Who else wants to look at fantastic hip hop content that will give you true swag when you access remarkable hip hop information that is off da chain on the outstanding Hip Hop Knights website!
Newsletter Registration Email :   Enter Email Here
Subscribe to our newsletter and get hip hop updates, news, offers, new cd releases and more...
Sign In
Shopping Cart
Total () items $    
Home About Us Service Merchandise Exclusive Articles Hip Hop Consulting Press Release Sign Up Contact Us
Main Menu
Hip Hop CDs
Hip Hop DVDs
Hip Hop Books
Hip Hop Ringtones
Hip Hop Interviews
Hip Hop CD Reviews
Hip Hop News
Song(s) Writing Request
Free Hip Hop Learning Material
Link to Us
Top Seller Items
Hip Hop Knights Poster >>
Hip Hop Knights T-shirts >>
Hip Hop Mug >>
Hip Hop Knights Keychain >>
Hip Hop Knights Stein Coffee Mugs >>
Tell A friend  
Interview : Lyrically Gifted Interview
By Richard Henry on September 25, 2011

Lyrically Gifted is a hip hop group with an incredible sound who has added their own style to the hip hop industry. Their mission is to present fresh material in an industry that has relied on gimmicks. Atlantic City is where the origins of L.G. began. They have released their mixtape The Dynasty which should prove to be heart thumping and mentally engaging. Their music is currently playing on online radio getting a huge following and audience. Members of Lyrically Gifted D.A.W.U. and Fahim Saadiq have performed with hip hop greats such as KRS-One, DeLa Soul and The Roots.

How did Lyrically Gifted form?

D.A.W.U: Lyrically Gifted was started by Cool T., Fahim Saadiq and myself. John Studd and Frank Nitty got down with us a little while after Cool T. was shot and killed.

 What do you think needs to be done in the hip hop industry?

Fahim Saadiq: First and foremost, there needs to be more originality in hip hop. I mean there are always going to be trends, but now a days it’s like everybody jumps on whatever sound is hot. There’s not enough artists trying to create their own sound and style. Second, it’s way too much biting going on. I remember it was the ultimate taboo to be caught performing lyrics that you didn’t create. I love Snoop and Dre, but they opened the flood gates with that remake of Lodi Dodi. No disrespect intended, but that’s real talk.
Frank Nitty: We need to get more street music out there and stop trying not to offend anybody! We need to get rid of the skinny jeans and niggaz with tongue rings.

Fahim Saadiq: For Real!

Who were your influences as a hip hop artist?

Frank Nitty: The Fugees, Original Flavor, Tupac, Hieroglyphics, The Pharcyde, Jay-Z and Hugh Hefner.
John Studd: KRS-ONE, Rakim, Common, Lauren Hill, Big Daddy Kane and Wu-Tang to name a few.
Fahim Saadiq: Nas, Jay-Z, Eminem, The Lox, Tupac, Cool T., The RZA, Dr. Dre, Run-DMC, Buck Shot and Kanye West.
D.A.W.U.: KRS-ONE, Busta Rhymes, Black Moon, WU-Tang, Mobb Deep and Biggie.

 What do you like about the hip hop scene of New Jersey?

Frank Nitty: The fact that we are located within 60 to 90 minutes of 2 major music markets on the east coast (Philadelphia & New York).
John Studd: It’s a hot mix of Philly, New York and a little down south.
D.A.W.U.: Not too much, niggaz are trying to sound like everybody else, afraid to be themselves.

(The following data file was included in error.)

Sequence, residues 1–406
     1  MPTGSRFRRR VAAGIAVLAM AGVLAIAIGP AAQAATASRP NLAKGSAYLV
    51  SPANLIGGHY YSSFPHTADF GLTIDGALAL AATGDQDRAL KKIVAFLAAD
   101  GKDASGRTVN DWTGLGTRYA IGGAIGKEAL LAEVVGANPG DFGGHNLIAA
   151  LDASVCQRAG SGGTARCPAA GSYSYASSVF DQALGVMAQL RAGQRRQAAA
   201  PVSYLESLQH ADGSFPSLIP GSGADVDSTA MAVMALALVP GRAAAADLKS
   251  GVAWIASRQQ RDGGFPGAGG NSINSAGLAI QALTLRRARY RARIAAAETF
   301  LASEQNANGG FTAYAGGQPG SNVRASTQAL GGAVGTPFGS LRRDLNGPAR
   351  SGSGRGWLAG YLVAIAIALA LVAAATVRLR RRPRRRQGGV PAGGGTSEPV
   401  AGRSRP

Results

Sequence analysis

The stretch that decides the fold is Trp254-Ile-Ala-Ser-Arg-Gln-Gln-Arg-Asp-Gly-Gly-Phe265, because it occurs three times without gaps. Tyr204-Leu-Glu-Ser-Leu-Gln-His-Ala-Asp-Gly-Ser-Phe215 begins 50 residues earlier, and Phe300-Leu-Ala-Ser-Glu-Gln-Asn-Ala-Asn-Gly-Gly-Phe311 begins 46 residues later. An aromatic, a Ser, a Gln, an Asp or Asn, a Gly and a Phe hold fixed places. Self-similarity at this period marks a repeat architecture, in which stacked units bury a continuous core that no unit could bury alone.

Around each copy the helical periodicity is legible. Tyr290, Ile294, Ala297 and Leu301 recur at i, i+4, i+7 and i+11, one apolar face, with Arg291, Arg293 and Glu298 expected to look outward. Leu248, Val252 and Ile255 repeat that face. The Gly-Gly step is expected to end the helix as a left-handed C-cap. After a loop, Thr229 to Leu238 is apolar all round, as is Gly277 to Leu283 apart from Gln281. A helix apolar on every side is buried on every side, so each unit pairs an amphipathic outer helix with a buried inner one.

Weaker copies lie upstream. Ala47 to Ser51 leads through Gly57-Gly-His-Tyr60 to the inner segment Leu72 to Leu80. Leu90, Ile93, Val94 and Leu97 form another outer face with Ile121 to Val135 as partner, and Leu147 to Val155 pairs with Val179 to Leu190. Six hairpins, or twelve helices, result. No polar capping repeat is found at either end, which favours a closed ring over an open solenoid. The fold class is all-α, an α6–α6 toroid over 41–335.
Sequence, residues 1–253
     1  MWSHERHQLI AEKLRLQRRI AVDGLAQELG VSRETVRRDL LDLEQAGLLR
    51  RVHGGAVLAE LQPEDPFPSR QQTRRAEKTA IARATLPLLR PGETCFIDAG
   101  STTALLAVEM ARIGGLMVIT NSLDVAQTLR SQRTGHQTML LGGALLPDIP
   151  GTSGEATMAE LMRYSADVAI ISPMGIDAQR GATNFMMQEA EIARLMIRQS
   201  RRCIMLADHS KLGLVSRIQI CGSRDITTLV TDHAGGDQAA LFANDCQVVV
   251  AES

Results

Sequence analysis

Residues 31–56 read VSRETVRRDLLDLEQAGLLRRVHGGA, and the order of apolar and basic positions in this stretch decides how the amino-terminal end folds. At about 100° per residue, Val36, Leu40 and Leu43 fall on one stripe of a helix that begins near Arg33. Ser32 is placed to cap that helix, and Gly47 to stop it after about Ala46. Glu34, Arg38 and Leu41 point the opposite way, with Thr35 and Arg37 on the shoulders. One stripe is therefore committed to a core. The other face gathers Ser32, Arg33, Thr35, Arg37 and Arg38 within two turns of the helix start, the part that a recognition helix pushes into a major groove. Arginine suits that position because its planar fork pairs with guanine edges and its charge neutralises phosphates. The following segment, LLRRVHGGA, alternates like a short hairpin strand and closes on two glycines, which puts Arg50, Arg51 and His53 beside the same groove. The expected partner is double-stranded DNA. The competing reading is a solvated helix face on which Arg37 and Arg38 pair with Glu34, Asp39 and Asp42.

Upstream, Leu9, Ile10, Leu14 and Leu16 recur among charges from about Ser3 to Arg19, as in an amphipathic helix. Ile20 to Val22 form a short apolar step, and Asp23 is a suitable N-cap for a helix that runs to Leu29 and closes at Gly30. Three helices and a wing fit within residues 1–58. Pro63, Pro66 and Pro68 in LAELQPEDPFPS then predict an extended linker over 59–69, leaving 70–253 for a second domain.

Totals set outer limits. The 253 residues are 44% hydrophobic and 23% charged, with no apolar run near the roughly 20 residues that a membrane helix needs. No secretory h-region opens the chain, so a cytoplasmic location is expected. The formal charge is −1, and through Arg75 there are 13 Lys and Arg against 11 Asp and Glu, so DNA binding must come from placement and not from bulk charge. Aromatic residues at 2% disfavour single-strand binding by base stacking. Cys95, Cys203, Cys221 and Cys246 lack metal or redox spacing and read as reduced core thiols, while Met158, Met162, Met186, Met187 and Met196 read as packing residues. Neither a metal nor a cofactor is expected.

How awesome has it been to create your mixtape The Dynasty?

Fahim Saadiq: It’s the first mixtape that we put out over the internet for free. It’s been a very fulfilling experience getting back with the family and doing what we do best. I was incarcerated for five years so I was kind of apprehensive about whether or not we could all vibe like we use to. But it was just like riding a bike and the proof is in the music.

 Why do you want to be innovators in the hip hop industry?

John Studd: We don’t exactly fit in the pre-existing parameters of mainstream hip hop, so we need to make our own lane.

D.A.W.U.: We’re trying to be original and make it alright for other artists to be able to express themselves freely.

 How young were you when you first wanted to start rapping?

Frank Nitty:    I was about 10 or 11
Fahim Saadiq: I was 14
John Studd:     12
D.A.W.U:       8 or 9

 What inspired the creation of your mixtape The Dynasty?

Fahim Saadiq: We all have solo projects that we are trying to promote and we felt that a free mixtape featuring all of us would be a good and efficient       way to promote all of us and our separate projects.
D.A.W.U: To get us all back together again and get our names out there and to keep us off those streets!

What are your long term goals in hip hop?

Frank Nitty: To get paid and be remembered as legends in the game! I want to start a movement and get these young cats on some real hip hop! I plan on winning (in my Charlie Sheen voice).
D.A.W.U: We want our own label.

 What separates your group from other hip hop groups?

Fahim Saadiq: Originality and real talent!

Frank Nitty: Our music and our energy in the studio. Other groups sound like they put their music together just to sound like everybody else.
John Studd: A lot of artists sing and rap but none have really mastered both until now. Real singing vocals, not just holding a note, mixed with the polished skills of a true MC.

Why should hip hop fans listen to your mixtape The Dynasty?

Frank Nitty: They should listen to it because it’s some hot authentic shit! It’s real and it ain’t that apple a day type shit. It’s been a long time coming. We had so much to say in the past that we didn’t get to say.    

D.A.W.U.: Because it’s real hip hop! Because we trying to bring real hip hop back to the fore front of the industry.

Lyrically Gifted Interview
Home | About Us | Services | Merchandise | Exclusive | Testimonials | Links | Contact Us | FAQs | Privacy Policy | sitemap

In Remembrance of: Benjamin Henry, Eva Burrell, Eric Paul Jackson, Bertha Smith, Leon Guitry, Jackie Hall
Copyright © 2006 - 2009 HIP HOP KNIGHTS. All rights reserved
         Designed and Developed by